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Pac-12 Announces New Football Championship Game Format, Future Scheduling TBD

The conference will no longer pit the North and South Division winners against each other in the championship game, instead rewarding the top-two teams in the Pac-12.

The Pac-12 has announced it will be reformatting its premier postseason matchup, and that more changes could be on the way.

After expanding to 12 schools in 2011, the Pac-12 introduced its Football Championship Game, pitting the winners of the North and South Divisions against each other at the end of the regular season. That will no longer be the case starting in 2022, as the conference announced that the championship game will take place between the two teams with the highest in-conference winning percentages, regardless of division.

The North and South Divisions will stay intact in 2022, as will the schedule rotation based on said divisions, but scheduling scenarios beyond this season remain under review.

The announcement from the Pac-12 came just minutes after the NCAA Division I Council announced that it would be relaxing restrictions for FBS conference championship games, instead leaving formats up to each conference.

According to Pac-12 Commissioner George Kliavkoff, the move was made to help Pac-12 programs earn more consistent invitations to the College Football Playoff.

“Our goal is to place our two best teams in our Pac-12 Football Championship Game, which we believe will provide our conference with the best opportunity to optimize CFP invitations and ultimately win national championships,” Kliavkoff said in a statement released by the conference. “Today’s decision is an important step towards that goal and immediately increases both fan interest in, and the media value of, our Football Championship Game.”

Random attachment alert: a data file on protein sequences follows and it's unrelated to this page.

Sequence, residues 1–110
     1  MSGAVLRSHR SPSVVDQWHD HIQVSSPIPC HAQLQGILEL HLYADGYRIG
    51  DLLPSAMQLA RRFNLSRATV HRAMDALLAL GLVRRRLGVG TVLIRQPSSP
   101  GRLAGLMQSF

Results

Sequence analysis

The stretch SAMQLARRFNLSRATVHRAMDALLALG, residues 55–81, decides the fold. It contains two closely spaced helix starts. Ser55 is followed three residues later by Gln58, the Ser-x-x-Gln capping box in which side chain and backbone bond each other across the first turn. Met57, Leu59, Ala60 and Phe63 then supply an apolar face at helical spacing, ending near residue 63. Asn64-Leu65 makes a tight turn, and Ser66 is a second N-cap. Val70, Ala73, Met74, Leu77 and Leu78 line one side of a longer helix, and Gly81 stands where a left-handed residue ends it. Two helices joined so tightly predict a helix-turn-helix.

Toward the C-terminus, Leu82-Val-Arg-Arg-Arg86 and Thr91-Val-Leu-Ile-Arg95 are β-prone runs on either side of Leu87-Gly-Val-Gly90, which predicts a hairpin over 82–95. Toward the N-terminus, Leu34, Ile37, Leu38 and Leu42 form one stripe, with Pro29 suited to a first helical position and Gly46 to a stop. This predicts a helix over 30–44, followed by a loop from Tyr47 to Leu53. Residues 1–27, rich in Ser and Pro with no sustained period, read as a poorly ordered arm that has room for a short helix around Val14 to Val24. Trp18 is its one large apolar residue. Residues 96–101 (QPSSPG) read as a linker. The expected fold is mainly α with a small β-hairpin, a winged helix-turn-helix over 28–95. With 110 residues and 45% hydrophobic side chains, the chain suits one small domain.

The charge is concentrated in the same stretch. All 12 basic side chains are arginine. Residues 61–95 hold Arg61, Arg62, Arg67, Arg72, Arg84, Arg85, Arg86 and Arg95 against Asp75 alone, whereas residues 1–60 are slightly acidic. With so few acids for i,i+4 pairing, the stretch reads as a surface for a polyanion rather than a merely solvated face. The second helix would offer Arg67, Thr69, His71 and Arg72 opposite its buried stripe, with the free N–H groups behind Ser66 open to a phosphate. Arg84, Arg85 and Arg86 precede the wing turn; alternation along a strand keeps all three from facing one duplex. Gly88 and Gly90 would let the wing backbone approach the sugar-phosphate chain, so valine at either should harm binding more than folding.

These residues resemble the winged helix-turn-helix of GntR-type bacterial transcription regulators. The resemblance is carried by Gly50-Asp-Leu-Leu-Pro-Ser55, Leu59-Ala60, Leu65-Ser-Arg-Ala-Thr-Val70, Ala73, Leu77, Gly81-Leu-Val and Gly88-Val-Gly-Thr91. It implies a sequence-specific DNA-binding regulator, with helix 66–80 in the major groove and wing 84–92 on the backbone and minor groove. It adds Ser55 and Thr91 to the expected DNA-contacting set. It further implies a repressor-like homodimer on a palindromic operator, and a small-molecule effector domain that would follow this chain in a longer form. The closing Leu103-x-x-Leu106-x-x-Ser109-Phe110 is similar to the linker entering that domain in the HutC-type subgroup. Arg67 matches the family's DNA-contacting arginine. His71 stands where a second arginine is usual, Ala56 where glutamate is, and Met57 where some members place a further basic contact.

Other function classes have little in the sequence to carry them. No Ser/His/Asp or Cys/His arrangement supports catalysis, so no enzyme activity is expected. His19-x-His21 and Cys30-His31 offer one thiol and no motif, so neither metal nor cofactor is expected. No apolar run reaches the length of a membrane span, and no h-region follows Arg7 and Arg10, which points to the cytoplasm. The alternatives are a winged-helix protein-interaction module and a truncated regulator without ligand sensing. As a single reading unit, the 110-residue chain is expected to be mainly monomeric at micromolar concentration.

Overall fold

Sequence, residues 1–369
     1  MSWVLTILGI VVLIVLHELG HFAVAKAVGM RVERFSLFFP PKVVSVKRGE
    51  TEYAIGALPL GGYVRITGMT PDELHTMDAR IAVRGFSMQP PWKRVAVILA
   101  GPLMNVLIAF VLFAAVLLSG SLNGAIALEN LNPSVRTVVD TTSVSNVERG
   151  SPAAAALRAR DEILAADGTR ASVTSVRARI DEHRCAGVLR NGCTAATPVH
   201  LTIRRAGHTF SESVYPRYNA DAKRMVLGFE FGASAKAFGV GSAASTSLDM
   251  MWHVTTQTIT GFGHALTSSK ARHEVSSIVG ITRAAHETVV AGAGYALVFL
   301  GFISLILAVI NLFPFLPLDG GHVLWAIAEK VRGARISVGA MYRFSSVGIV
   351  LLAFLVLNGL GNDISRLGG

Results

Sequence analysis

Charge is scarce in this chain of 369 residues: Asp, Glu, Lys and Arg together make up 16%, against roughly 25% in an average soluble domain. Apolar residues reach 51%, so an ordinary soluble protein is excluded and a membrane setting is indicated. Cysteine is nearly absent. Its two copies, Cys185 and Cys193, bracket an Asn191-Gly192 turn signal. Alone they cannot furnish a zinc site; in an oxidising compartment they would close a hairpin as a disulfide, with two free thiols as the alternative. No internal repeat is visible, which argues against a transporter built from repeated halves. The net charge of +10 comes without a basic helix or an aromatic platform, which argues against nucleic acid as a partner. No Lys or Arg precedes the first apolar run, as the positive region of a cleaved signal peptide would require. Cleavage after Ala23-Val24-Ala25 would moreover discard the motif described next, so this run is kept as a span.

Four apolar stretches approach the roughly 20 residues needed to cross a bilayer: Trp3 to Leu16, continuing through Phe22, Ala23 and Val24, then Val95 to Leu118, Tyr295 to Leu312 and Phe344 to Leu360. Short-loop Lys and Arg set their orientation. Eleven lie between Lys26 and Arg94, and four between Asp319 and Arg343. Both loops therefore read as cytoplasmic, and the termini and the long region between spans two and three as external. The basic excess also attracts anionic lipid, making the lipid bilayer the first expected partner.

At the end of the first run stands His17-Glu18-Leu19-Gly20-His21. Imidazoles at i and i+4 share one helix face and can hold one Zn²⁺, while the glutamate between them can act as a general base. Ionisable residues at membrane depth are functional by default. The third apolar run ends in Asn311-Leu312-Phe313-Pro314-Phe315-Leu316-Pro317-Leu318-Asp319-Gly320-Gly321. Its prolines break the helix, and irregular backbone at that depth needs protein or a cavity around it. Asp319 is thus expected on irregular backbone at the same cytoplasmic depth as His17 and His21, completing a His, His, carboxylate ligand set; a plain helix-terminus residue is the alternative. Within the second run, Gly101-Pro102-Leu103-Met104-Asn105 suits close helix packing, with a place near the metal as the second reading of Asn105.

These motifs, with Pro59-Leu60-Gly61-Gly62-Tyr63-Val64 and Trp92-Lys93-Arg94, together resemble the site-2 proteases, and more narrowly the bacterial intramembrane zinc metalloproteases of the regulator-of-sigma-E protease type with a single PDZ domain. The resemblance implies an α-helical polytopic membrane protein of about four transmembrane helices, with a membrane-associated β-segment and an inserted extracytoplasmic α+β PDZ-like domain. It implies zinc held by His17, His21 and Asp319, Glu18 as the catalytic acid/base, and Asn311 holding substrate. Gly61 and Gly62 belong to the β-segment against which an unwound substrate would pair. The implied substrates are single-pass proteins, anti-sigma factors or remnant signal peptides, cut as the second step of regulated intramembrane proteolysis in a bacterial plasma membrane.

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Having a conference champion play a top-two conference foe would theoretically give that conference champion a stronger strength of schedule than if they had played a division champion, depending on how the standings shake out in any particular season.

As part of their press release on the matter, the Pac-12 included a chart that went through each of the 11 championship games and detailed how they would have been different in this new format. The 2013, 2014, 2016, 2017, 2019 and 2021 championship matchups would have remained the same, but five would have been different.

UCLA made the Pac-12 Championship Game in both 2011 and 2012, but Stanford and Oregon would have taken their place in those contests, respectively, had the divisions not been the deciding factor. Without those appearances, the Bruins wouldn't have made a single conference title game had this format been in place from the beginning, knocking them down alongside Cal and Oregon State as the only programs never to make one. 

In 2015, Oregon would have replaced USC, while Washington State would have replaced Utah in 2017. Colorado would have taken Washington's place in 2020.

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